Core Training – Discover the Hollow Position and the Main Function of the Abs – Stabilization of the Core

Can’t go wrong with a picture of a girl with a sexy body. Anybody disagree? Didn’t think so lol.

In Part 1 of the Core Training Series I discussed the Arch Position – a way to get a strong and healthy lower back. Today it’s six pack time. But I’m getting ahead of myself. Let me tell you what happened today.

Met up with a buddy of mine for a quick talk at a bar. He happened to be friends with the bartender there. We started talking and I found out the bartender was also a model.

He said he was training his abs thoroughly with various exercises and was quite content with their development. He also mentioned however that he was complaining of lower back pain. Said his lower back muscles were failing him.

He Was Clueless

He didn’t understand the major function of the abs – core stabilization. The range of motion of the biggest abdominal muscle is very limited – its function is to shorten the distance between the chest bone and the hips.

This only works when doing crunches. Sit ups on the other hand are done in the most part with the muscles of the front of the upper thigh.

So what this dude didn’t realize was that in order for him to avoid his lower back “failing” him, he had to have strength and control over his abs. Not just muscle.

Because he was a model, he was training his body primarily with bodybuilding exercises. Nothing wrong with that if you also train for strength and have control over your body. He clearly lacked that.

His blank stare just confirmed it when I tried to explain to him that stabilization of the trunk – and not body shots  – is the primary function of the six pack abs.

boxer

The Hollow Position

The hollow position – this is a gymnastics term and somewhat of a misnomer. You see, you don’t actually suck your gut in. No way is this stable. In the hollow position you actually want to brace your abs as if someone is gonna punch you.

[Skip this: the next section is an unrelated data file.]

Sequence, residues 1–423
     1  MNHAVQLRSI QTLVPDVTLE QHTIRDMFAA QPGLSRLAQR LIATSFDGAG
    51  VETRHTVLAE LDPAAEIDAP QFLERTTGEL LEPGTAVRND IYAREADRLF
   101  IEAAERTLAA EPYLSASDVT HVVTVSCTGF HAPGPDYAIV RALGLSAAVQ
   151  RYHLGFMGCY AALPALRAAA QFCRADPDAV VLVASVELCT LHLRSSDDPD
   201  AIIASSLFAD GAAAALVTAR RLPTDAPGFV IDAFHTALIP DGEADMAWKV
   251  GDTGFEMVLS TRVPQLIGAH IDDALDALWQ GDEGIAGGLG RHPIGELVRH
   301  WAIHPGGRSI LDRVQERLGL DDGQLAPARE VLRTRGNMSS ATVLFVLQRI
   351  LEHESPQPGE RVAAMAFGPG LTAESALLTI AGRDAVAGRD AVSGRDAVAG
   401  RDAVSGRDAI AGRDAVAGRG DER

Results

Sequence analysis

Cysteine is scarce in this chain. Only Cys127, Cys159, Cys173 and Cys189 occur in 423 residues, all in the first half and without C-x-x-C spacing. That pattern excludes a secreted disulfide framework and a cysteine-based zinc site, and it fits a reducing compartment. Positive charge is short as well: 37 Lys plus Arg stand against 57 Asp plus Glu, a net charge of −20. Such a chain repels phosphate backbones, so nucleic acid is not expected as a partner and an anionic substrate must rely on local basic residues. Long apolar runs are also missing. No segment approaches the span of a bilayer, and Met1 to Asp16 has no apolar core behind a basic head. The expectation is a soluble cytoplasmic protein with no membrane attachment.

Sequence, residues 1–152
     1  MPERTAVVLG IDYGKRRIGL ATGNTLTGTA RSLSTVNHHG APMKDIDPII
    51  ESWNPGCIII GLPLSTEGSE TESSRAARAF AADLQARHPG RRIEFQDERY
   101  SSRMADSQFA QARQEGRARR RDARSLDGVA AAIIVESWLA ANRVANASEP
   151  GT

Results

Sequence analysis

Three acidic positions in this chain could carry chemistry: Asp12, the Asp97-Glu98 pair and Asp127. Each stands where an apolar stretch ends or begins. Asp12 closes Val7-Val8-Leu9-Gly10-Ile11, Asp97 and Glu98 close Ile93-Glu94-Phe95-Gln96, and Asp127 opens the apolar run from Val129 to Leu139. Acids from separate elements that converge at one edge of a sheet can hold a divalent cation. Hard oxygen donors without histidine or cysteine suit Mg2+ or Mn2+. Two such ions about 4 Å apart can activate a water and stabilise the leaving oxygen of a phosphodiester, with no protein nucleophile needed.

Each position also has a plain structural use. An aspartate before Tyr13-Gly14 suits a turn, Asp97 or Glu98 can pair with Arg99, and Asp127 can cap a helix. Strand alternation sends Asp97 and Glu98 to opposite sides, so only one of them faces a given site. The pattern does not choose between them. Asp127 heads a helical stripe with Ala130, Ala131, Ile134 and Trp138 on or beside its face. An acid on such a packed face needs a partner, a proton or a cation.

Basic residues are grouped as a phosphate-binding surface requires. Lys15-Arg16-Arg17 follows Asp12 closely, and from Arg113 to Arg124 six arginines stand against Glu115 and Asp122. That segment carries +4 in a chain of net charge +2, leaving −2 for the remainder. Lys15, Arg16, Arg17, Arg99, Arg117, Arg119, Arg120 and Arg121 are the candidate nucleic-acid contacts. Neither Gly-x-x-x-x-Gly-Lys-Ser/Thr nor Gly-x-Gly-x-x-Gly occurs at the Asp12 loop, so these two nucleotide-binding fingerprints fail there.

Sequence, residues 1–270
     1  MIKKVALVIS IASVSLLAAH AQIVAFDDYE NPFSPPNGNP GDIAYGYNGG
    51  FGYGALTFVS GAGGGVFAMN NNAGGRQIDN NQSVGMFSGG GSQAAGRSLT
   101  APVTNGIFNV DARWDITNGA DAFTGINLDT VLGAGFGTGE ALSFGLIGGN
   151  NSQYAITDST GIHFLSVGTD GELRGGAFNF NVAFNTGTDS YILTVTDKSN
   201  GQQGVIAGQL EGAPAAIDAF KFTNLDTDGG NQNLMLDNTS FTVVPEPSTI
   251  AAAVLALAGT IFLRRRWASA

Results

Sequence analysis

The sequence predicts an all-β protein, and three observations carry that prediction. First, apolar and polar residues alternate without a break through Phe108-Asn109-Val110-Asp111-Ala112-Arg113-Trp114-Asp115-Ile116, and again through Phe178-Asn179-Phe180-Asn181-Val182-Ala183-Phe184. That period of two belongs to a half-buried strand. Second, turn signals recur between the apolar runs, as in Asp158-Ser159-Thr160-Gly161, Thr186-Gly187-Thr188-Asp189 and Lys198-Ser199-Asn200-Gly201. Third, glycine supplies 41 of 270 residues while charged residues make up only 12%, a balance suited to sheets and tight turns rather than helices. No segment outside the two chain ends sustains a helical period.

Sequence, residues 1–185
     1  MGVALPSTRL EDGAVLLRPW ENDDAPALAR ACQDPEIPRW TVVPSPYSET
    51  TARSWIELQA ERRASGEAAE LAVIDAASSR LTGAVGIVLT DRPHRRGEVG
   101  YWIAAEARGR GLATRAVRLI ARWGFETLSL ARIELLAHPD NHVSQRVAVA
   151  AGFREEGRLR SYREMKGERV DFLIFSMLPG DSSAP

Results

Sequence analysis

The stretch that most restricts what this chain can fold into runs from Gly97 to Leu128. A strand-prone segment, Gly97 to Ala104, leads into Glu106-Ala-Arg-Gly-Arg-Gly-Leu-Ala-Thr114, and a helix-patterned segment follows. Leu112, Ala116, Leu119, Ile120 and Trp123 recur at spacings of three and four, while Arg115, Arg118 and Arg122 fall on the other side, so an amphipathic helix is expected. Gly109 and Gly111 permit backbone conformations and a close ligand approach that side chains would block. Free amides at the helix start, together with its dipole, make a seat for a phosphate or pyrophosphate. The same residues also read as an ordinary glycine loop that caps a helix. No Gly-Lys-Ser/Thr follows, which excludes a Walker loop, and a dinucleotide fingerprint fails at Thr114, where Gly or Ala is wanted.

To experience this whole body position, do the following. First lay down on the floor face up. Tuck your pelvis forward. At the same time the small of your back should remain on the floor.

Now – don’t sit up – but just try to shorten the distance between your pelvis and your sternum – the chest bone. Lift your straight legs a bit off the ground.

Next have your arms extended beside your ears and raise your head and shoulders a tad above the floor.

Did you know that the hollow position is probably one of the biggest secrets of the gymnasts? It allows them to concentrate together the strength of all of the muscles of the front of the body. The Arch Position does the same for power lifters by giving them control over the muscles of the back of the body. Another secret – most guys that pose for ab shots do the hollow position to show of their abs.

Sometimes Corny TV Trainers Get it Right

I was looking for a way to show the hollow position on video and then I remembered watching this DVD series called Hip Hop Abs. Its cheesy as hell, but that trainer guy sure knows how to control his abs and explains the movement nicely.


Ignore the whole cheesiness, because this dude shows an excellent way to feel the hollow position. He calls it tilt, tuck and tighten.

Babe by Vincent Boxer by Anthony

8 thoughts on “Core Training – Discover the Hollow Position and the Main Function of the Abs – Stabilization of the Core”

  1. Tilt, tuck and tighten… Definitely cheesy Yavor! 🙂

    But it does get your attention. And that’s what we need. It’s great that you are highlighting some of the intricacies of core training here. Since the abs are the main “force couple” in your body, their role as stabilizers cannot be understated. Learning to activate them properly to do this job (as with the “tilt, tuck and tighten”) is extremely important.

    Cheers,
    Adam

  2. Adam,

    The man’s got something right – he’s on TV lol.

    Btw, I am amazed how people can’t control their bodies, but it’s a fact.

    Yavor

  3. Hey Yavor,

    “I am amazed how people can’t control their bodies, but it’s a fact.”

    Why be amazed? Bodies strapped into ab rollers and leg extension machines don’t have much opportunity to learn proper movement control… 🙂

    About to go read your latest post. Keep ’em comin’.

    Adam

  4. I’m hovering around 8-10% bodyfat and trying to get my abs to show more. I generally have too much lordosis and no ab definition. If I lean way way back my six pack pops out.

    Likewise, I can get into the “hollow position” the way you describe on the floor, and the six pack pops out from nothingness.

    When I’m standing, I can’t for the life of me get my abs to activate (other than by leaning way back). Tilt, tuck, tighten does nothing to activate them (rectus abs is still soft as jelly, although my transverse abs turns on hard when I do it).

    Any tips for getting this accomplished while standing? I don’t know how to flex rectus abs as though I was about to get punched..

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